According to an item recently published on CBS New York, authorities are trying to find the person who is responsible for this heinous act of animal cruelty. The eight dead kittens were discovered last week by a woman, identified only as Lori, who was caring for a colony of feral cats and kittens in Bohemia.

Frank Floridia, an animal worker from Guardians of Rescue said Lori discovered the eight kittens, who had been taken away from the feral cat colony and subsequently mutilated. The kittens ranged from 3 days old to 3 weeks-of-age.

Floridia said the kittens were “stepped on, crushed and beaten with some kind of tool that caused puncture wounds.” Following the veterinary examination, according to Floridia, the veterinarian concluded their injuries were not in any way caused by wildlife.

The veterinarian ascertained that all the kittens had died from massive skull traumas and blunt force body injuries. He added, “To come here and see something like this is just an outrage. . . I would love to see this person caught, convicted and put in jail.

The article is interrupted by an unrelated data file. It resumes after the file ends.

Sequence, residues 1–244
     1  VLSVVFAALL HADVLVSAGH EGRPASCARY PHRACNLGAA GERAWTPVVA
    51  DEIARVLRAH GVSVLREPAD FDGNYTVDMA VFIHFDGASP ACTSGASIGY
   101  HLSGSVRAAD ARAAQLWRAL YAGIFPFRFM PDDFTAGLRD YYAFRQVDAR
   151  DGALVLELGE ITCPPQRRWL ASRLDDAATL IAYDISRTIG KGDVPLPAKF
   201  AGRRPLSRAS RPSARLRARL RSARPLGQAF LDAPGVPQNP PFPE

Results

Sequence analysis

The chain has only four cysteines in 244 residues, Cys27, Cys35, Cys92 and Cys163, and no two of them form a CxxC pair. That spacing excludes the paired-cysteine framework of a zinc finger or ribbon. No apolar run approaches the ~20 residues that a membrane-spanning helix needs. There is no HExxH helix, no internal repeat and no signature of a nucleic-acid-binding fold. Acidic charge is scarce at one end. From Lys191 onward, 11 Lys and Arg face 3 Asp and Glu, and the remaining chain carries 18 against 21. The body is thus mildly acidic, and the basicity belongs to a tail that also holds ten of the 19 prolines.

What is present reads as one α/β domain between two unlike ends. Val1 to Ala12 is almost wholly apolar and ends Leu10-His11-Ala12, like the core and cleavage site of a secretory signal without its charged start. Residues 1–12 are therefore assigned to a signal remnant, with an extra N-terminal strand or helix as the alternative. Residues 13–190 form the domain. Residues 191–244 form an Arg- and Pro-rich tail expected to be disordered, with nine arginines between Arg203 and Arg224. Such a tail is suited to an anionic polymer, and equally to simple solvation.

Guardians of Rescue reported that Chaps and Midnight, the kittens’ mothers, have been searching desperately for their babies. Lori said she “found the two mothers huddling together, very frantic.”

Adding to the mystery about the reason these eight feral kittens were so brutally killed, Guardians of Rescue reported that the surrounding community had welcomed and were enjoying the kittens, with no threats made concerning the feral colony.

In an attempt to draw greater attention to the case, Guardians of Rescue uploaded graphic photographs of the murdered kittens on their Facebook page, and will be publishing regular updates on the situation.

Anyone who has any information about this heinous act of animal cruelty, please call the SPCA hotline at 1-631-382-7722, contact Guardians of Rescue at 1-888-287-3864, or email]

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First U.S. Animal Abuser Registry Makes Convicts Public